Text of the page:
It has been over 9 months since the invasion of Ukraine, which sparked a devastating humanitarian crisis for those who have been unable to seek refuge around the World. However, Kilkenny-based Chernobyl Children International volunteer, headed by Outreach Group leader Jim Kavanagh, continue to answer the call of those in need and is sending €150,000 of aid directly to the worst-affected areas of Ukraine, just in time for the harsh-winter conditions and Christmas.
The aid, which includes vital medical supplies, wood-burning stoves and non-perishable foods, as well as supplies for young babies and the elderly. 11 Ukrainian refugees who are based in Kilkenny joined Jim and other volunteers to load the humanitarian aid into the container throughout the weekend, remarking that they were ‘delighted’ to be able to do something to help support their war-torn homeland.
Speaking about the volunteers and the humanitarian aid on the way to Ukraine, Adi Roche Voluntary CEO of Chernobyl Children International said;
“In these troubled times, it is heart-warming to see the generous hand of friendship extended to the Chernobyl affected country of Ukraine, by Jim, our volunteers and their generous supporters. The war has highlighted the immediacy of the problems in the areas, and to see Ukrainian refugees join our efforts here in Kilkenny is so inspiring.”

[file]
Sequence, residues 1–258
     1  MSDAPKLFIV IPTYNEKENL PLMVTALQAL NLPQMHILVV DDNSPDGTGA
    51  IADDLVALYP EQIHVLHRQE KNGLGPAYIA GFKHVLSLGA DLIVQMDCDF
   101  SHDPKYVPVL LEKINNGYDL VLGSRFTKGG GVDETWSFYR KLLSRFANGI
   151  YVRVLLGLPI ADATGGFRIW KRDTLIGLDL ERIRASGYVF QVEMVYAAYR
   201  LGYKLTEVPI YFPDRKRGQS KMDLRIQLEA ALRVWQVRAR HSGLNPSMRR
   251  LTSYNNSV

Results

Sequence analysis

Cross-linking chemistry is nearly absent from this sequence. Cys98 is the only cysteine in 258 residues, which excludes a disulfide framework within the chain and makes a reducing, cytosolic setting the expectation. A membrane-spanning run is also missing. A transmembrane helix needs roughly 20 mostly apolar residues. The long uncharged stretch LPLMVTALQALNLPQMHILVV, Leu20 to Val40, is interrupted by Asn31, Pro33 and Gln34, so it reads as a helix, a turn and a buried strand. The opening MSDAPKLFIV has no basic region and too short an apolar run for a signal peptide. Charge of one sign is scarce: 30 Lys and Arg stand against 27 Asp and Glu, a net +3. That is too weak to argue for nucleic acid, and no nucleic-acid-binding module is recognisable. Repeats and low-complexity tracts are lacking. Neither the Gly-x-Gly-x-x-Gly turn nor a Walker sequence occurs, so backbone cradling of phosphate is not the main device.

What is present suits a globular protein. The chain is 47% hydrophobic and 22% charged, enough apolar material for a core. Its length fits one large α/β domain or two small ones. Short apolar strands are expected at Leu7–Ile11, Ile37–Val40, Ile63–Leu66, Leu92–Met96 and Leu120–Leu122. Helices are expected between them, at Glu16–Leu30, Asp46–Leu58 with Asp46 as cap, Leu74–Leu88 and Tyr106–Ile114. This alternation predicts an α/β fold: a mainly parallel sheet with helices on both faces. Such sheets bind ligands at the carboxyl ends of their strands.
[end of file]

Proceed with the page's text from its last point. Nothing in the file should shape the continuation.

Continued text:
The aid was collected from all around the country, with volunteers collecting for months ahead of the shipment, with fellow CCI volunteers from Tralee George and Mary Sugrue sponsoring transport costs and collecting much-needed supplies.
Jim Kavanagh proves to be a shining example of what true volunteerism is all about when he won the Christine Buckley Volunteer of the Year award in 2014. Having led dozens of humanitarian aid convoys to the Chernobyl affected regions, he has hand-delivered millions of euro worth of aid to Belarus and Ukraine with Chernobyl Children International over the past 3 decades.
In addition to this, Chernobyl Children International are providing monthly humanitarian aid deliveries in the Chernobyl affected regions, through partners in Ukraine, which are reaching communities who are falling under the radar of much humanitarian aid. A life-saving Cardiac Surgery Mission will also touch-down in Lviv, Ukraine in December, offering babies the best chance of surviving the double-tragedy of Chernobyl and now the ongoing war.